Last week the unions upped the ante. The president of the national American Federation of Government Employees, J. David Cox, and his chief of staff Bryan DeWyngaert, were two of 20 labor organizers and other protesters who were arrested last Monday for failing to leave the N.C. Legislative Building when instructed to do so. In addition, AFL-CIO president Richard Trumka called attention to the Tar Heel state demonstrations.

“North Carolina has quickly become a shining example of a people-driven movement and a microcosm of what’s to come,” Trumka said. “When the labor movement and the entire community band together to stand up for what is right, everyone wins. …

NLRB Revives ‘Ambush Election’ Rule to Thwart Opposition to Union Campaigns

nlrb-logoA fair election campaign operates on the principle of a “level playing field” – while neither side is guaranteed victory, each should have an equal opportunity to state its case. The National Labor Relations Board has an unusual interpretation. On February 5, the NLRB reissued a rule that would curtail the ability of nonunion employers and employees to oppose union organizing drives. This ‘quickie’ or ‘ambush’ election rule, is a near rewrite of its 2011 rule change that briefly made it onto the books before being struck down on procedural grounds by a federal court in May 2012. Here, as before, the allowable time frame for opponents of a union drive to express their views would be reduced from 42 days to as few as 10 days. Union officials say the regulation promotes fairness. Yet the effect, and one suspects the intent, would be an erosion of freedom of speech …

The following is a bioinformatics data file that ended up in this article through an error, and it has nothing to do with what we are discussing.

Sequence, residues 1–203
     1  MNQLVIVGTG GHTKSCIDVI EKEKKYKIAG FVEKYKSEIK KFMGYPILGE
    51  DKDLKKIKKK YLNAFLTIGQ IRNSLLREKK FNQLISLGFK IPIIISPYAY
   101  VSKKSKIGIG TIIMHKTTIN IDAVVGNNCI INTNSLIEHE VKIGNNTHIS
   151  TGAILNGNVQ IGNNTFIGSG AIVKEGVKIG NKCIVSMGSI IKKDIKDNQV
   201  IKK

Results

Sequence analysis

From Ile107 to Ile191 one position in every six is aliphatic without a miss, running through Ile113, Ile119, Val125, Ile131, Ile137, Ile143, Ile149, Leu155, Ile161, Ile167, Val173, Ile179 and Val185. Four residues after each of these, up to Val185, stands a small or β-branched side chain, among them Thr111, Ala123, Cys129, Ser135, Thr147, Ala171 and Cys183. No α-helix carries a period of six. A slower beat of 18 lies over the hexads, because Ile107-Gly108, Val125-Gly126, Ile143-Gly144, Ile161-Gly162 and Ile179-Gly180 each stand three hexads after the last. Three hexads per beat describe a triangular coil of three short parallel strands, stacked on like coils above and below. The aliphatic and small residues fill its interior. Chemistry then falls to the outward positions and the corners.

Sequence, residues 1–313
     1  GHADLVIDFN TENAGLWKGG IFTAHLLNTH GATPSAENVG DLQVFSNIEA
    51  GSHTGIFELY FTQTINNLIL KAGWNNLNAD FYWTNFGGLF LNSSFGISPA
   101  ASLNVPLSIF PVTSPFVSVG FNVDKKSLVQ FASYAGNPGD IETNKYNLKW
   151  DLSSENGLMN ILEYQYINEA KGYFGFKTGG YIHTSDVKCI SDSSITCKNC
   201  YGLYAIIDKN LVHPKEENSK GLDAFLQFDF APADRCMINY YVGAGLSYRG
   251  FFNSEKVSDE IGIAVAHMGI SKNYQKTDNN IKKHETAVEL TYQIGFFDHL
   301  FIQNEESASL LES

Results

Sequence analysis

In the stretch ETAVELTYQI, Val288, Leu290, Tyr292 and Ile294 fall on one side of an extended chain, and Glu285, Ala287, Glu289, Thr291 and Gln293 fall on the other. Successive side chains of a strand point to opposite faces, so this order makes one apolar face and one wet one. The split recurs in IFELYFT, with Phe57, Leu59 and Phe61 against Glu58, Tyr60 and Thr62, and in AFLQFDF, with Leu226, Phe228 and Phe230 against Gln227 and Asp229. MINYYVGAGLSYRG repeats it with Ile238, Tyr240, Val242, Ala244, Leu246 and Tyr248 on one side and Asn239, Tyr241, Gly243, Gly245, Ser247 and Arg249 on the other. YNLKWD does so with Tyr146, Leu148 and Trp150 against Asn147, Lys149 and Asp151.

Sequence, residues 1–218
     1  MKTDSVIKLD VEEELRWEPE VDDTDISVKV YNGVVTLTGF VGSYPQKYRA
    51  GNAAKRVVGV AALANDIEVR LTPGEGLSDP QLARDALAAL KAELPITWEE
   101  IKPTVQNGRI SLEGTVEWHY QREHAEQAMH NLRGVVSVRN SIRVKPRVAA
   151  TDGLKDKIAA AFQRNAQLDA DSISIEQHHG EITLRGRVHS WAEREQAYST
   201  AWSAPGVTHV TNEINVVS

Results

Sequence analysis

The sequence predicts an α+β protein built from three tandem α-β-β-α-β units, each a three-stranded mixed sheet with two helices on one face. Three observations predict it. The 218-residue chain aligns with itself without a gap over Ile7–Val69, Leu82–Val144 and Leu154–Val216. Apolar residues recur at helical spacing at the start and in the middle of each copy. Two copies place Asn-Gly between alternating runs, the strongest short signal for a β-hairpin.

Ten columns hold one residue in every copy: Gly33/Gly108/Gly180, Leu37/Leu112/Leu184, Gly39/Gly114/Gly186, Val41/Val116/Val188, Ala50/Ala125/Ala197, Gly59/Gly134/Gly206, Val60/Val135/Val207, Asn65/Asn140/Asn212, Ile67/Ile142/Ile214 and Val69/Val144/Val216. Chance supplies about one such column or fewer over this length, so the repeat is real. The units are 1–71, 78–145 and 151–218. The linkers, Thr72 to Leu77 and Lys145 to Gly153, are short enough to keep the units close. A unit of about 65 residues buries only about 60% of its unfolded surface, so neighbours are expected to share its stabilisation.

Union Leaders Prepare for Final Push on Immigration; Ignore Member Concerns

Richard Trumka“Comprehensive immigration reform,” like virtually any initiative containing the magic word “comprehensive,” looks good on the surface. But the details of the comprehensive immigration bill passed by the Senate in June by a 68-32 margin reveal much wrong underneath. Oblivious to this, top union leaders are gearing up for an all-out blitz this fall to secure passage of a similar bill in the Republican-majority House of Representatives. Led by AFL-CIO President Richard Trumka (in photo), they are obsessed with providing 11 million or more persons illegally in this country with amnesty and eventual citizenship, and with enabling millions of family members to come here to join them. Yet the campaign underscores a lack of accountability to dissenting voices within their own ranks. 

National Legal and Policy Center on April 18 explained in detail the egregious nature of the Senate’s immigration bill, and the large role that labor unions played in shaping it. The measure had been …